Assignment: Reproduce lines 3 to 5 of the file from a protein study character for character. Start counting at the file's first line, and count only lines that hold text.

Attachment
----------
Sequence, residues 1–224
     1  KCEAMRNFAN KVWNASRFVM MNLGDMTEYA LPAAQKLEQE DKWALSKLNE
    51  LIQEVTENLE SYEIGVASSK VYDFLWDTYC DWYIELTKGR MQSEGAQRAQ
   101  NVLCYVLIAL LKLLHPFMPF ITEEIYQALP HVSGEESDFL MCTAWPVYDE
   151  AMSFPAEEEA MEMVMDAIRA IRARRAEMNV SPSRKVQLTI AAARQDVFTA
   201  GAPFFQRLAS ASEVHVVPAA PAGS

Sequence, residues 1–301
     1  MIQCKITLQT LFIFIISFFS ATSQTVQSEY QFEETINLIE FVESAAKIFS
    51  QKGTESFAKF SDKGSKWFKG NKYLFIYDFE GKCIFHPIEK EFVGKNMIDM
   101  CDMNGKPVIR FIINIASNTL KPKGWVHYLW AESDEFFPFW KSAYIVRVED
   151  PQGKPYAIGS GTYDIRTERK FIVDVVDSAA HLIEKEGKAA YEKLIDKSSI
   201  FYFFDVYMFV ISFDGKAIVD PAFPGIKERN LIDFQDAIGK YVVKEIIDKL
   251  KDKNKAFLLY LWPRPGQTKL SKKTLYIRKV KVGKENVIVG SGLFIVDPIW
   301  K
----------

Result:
    51  LIQEVTENLE SYEIGVASSK VYDFLWDTYC DWYIELTKGR MQSEGAQRAQ
   101  NVLCYVLIAL LKLLHPFMPF ITEEIYQALP HVSGEESDFL MCTAWPVYDE
   151  AMSFPAEEEA MEMVMDAIRA IRARRAEMNV SPSRKVQLTI AAARQDVFTA